A logician is hiking through snowy woods and sees a small spaceship, and next to it, two tiny legs, sticking out of a snow drift. He digs the little creature out, and it turns out to be small omniscient space alien. The alien is extremely grateful and, being omniscient, offers to answer any question the logician may have. Naturally the logician asks: “What is the best question to ask and what is the correct answer to that question?” The tiny alien pauses momentarily, and replies, “The best question is the one you just asked; and the correct answer is this one.” And just like that…the alien hops in their spaceship and flies away.
Perhaps you are not getting exactly the desired result from a ChatGPT prompt, and you want to improve it. Maybe there is a ChatGPT prompt you use every day, and you would really like to perfect it.
Here is a checklist of 15 ways to improve your prompts:
- Throw in the kitchen sink. More is better. Don’t shy away from long, detailed prompts, embrace them. The objective of prompting is like programming in the sense of using language to tell the computer to perform a task. But ChatGPT speaks your language, and pays attention to everything you write. And the context window is big. So use it, within reason. Think of ChatGPT as a small omniscient alien intern who has read everything on the Internet but needs very specific, detailed instructions. Ask (specifically) and ye shall receive. And it can help a lot if you learn a few quirks of its alien intelligence.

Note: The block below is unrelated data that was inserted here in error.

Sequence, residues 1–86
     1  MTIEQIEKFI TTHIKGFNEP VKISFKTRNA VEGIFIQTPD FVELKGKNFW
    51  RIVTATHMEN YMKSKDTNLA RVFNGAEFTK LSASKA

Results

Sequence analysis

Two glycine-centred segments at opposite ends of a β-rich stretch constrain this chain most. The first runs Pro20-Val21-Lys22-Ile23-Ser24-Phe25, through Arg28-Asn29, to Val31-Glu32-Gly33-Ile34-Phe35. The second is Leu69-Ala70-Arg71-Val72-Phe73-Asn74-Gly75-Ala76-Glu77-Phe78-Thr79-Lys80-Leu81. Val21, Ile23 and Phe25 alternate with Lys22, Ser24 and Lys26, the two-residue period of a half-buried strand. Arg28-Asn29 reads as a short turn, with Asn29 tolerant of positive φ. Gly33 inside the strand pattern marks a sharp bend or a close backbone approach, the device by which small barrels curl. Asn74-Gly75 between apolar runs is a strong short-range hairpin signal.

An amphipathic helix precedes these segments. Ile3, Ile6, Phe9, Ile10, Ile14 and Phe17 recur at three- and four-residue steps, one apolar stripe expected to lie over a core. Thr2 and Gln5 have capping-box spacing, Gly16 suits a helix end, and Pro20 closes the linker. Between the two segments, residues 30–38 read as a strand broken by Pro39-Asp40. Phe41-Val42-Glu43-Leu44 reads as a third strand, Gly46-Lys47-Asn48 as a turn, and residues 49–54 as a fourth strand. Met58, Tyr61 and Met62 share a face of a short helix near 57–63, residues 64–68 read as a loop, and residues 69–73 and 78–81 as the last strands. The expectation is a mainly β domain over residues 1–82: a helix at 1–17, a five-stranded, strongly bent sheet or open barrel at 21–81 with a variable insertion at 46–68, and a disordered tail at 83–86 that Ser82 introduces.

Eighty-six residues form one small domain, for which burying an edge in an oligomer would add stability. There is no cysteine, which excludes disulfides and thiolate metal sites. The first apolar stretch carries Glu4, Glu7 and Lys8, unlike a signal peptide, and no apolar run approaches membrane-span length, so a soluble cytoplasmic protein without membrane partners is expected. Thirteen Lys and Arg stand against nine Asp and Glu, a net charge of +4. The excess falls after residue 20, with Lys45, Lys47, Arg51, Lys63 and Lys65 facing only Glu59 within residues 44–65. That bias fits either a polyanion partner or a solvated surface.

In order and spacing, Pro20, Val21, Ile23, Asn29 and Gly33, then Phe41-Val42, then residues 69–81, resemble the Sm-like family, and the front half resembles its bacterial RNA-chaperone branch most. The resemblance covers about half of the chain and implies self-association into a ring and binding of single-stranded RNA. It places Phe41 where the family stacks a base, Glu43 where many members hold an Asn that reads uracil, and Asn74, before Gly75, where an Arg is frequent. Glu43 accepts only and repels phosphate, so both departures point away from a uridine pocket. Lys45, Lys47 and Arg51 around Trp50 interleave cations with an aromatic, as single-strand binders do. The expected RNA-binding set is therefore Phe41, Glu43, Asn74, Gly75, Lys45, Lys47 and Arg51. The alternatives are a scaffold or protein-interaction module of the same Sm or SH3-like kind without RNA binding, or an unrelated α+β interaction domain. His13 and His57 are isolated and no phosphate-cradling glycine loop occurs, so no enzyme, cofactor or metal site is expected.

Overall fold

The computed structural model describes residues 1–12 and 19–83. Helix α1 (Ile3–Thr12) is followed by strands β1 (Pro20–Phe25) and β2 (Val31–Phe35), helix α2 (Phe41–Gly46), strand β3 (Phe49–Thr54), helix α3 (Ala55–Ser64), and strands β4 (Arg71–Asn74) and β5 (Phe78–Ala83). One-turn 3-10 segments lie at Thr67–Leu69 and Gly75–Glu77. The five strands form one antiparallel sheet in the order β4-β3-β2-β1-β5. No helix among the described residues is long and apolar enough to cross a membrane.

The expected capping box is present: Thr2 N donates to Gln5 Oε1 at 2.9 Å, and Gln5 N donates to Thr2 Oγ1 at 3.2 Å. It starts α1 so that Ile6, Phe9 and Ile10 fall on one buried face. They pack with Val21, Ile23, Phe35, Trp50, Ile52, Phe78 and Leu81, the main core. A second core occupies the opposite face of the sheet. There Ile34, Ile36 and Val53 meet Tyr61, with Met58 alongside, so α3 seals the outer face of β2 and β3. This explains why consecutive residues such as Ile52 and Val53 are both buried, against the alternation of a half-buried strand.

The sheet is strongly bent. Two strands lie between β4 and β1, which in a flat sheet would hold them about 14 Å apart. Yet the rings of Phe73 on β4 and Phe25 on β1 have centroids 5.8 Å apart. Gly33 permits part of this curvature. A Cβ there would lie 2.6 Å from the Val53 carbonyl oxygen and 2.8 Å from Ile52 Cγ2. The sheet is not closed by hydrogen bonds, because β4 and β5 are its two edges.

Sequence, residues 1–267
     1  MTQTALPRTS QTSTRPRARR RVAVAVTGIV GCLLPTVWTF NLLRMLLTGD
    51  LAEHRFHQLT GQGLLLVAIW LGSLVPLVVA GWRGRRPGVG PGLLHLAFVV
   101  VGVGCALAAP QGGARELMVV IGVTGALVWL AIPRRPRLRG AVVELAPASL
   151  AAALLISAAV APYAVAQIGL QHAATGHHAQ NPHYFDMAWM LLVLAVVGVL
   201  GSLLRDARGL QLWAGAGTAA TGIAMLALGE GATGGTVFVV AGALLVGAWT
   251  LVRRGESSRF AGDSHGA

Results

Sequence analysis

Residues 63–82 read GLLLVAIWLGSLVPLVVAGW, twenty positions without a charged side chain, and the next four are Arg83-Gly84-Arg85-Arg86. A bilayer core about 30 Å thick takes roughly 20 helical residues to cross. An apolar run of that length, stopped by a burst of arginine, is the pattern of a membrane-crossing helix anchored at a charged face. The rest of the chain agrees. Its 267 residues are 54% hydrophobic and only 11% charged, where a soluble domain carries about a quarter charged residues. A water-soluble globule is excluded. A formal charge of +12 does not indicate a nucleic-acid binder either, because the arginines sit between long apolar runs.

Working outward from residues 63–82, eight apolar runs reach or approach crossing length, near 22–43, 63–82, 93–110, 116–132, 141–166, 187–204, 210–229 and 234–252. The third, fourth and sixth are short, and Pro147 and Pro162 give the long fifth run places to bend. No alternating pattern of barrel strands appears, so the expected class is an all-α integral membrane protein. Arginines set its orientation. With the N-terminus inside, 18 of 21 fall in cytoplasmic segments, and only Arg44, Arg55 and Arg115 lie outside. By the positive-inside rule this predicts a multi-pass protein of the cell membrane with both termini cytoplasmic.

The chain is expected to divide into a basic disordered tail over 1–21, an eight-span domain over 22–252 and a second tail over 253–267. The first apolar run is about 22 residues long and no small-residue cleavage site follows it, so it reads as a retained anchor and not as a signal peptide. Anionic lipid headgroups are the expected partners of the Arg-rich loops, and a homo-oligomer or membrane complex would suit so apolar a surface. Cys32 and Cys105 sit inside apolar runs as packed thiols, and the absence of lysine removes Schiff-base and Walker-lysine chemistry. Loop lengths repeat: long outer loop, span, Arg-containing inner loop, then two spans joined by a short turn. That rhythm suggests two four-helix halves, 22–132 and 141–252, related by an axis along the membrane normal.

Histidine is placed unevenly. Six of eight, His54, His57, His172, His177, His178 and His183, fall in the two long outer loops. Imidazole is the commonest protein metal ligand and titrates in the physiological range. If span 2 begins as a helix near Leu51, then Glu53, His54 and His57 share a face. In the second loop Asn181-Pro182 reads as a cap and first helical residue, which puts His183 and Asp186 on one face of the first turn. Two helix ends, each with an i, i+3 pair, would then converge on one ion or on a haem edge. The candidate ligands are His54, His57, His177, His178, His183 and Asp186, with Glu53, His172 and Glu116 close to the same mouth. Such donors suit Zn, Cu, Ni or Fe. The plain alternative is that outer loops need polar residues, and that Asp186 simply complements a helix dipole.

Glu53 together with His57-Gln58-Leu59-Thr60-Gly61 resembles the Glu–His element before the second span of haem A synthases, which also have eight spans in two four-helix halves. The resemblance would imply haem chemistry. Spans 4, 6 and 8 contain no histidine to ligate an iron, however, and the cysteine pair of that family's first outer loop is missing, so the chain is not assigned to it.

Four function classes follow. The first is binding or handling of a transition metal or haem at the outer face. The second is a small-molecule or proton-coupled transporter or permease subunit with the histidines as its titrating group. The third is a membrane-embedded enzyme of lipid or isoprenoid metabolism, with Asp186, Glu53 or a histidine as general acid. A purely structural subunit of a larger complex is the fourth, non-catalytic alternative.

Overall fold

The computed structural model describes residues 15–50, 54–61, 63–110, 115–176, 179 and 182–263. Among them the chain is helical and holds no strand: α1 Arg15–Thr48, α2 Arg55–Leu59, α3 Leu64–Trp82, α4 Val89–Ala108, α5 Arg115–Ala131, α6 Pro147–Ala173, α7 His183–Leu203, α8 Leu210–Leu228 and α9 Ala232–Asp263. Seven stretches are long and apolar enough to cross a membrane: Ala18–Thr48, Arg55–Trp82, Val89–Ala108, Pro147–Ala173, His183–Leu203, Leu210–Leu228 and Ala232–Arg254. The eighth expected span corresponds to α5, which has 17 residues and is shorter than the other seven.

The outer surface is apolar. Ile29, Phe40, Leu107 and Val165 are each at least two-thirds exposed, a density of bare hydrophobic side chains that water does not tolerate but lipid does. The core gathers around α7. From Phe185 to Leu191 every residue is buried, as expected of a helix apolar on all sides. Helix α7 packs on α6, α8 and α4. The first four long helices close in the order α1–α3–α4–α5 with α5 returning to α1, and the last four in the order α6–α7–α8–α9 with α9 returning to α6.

- Add a Persona and Context. Give ChatGPT a clear role: present the answer like an Ivy League professor, like a Goldman Sachs investment banker, like a McKinsey consultant, like a Gartner research analyst.
You are a strategy consultant from a leading firm like McKinsey, with a Harvard MBA and deep subject matter knowledge in supply chain management, who has been tasked with outsourcing auto parts production.
- Specify the Audience. Who is the answer for? “Explain this to a business analyst”, or “a data scientist”, or “a 5 year old”. “Assume that I know little about the topic that we are discussing, simplify jargon and technical terms, and define any terms that are not general knowledge”.
- Output Style. Request a detailed or concise response, a professional or an academic tone, a style mimicking a well-known author or media outlet, or a specific text. Specify the emotional tone and cultural background. For coding, follow these variable naming conventions, style paradigms, object-oriented patterns.
- Output Format. Request formatting like bullets, markdown, links, citations, or a specific outline, structure or template.